Sharon Field

What does beauty in botanical art mean? (Part I)

20/06/2017

A while back I was with a group of my friends in Sydney who are all experienced guides with the National Gallery of Australia in Canberra.

We were spending two days on a “gallery crawl” – immersed in art of every type from modern to traditional, from painting to sculpture to installations.

  • As we enjoyed a fine meal one night … and as we indulged in what I call “red wine dreaming”  – we explored the question, “What is it that makes a work of art beautiful?”  What a challenging and interesting discussion we had.

Needless to say we did not come up with a definitive answer!

  • Generally speaking good art will appeal to you. It will be skilful in its execution, and technically adept.
  • The best art has meaning beyond just an image. At its most fundamental, it is an effective combination of concept, vision and mastery of medium. At the very least it will keep you coming back for more. It is likely to stand out in a crowd of other artworks. It will probably dare to be different.

Traditionally, Botanical Art is generally seen by most people to be pretty conservative.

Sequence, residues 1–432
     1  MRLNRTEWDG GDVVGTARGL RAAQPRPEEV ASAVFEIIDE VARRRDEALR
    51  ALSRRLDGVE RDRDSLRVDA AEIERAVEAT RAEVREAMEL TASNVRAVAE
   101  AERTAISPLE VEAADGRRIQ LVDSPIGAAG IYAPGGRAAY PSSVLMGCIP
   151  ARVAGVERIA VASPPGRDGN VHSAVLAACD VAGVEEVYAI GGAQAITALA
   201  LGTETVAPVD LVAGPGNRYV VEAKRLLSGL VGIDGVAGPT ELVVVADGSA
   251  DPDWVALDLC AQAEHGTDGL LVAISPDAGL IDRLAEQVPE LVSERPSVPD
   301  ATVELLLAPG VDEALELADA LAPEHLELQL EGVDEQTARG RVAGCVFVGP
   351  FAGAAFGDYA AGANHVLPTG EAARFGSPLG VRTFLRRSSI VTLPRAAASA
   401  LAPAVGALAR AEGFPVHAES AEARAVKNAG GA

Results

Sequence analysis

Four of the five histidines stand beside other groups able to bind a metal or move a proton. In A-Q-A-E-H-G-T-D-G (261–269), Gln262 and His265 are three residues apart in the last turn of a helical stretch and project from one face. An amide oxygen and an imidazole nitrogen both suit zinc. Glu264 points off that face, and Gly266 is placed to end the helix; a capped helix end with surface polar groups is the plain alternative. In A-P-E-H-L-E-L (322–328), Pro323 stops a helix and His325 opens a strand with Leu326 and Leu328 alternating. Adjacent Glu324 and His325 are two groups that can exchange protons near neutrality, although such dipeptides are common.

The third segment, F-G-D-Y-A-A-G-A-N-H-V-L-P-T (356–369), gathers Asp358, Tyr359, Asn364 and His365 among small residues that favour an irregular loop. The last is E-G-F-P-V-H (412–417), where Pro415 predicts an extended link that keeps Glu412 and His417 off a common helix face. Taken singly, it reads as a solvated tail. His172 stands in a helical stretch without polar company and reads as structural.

• It has no shock value.
  • It won’t make a political statement.
  • It won’t provide comment on the human condition.
  • But that does not mean that it can’t have drama, appeal and that most elusive of qualities, beauty (which is something much more than pretty).

Of course not all works of art are intended to be thought-provoking.

  • A purely scientific illustration, for example, won’t necessarily have a deeper meaning, but even this type of art can stand out as beautiful – witness the best of the Margaret Flockton awards, or the work of Arthur Harry Church – these works are designed for scientific purposes, but they are often very beautiful, and they can take your breath away.

So, how do we get our art to that point?

(Sign on to my next blog to read my thoughts on this)

 

In my diary:

  • 2017: Next Blog What does beauty in botanical art mean? (Part II) (to be posted in July)
  • 2017: Group Exhibition, Four Winds Bermagui Project, Fresh Salt.  This is a creative response by visual artists, poets, musicians and others to eight exquisite estuaries in the far south coast of NSW.  The exhibition will be held in October, at the ANU, Canberra and the Bega Regional Gallery.
  • 2017-2018: My painting of a “Lord Howe Island Fig”, was accepted for a Group Exhibition, Out of the Woods, November, New York, United States of America.  This juried exhibition then travels the United States during 2018.
  • 2018: Artist residency with Studio Maelor, Wales, United Kingdom

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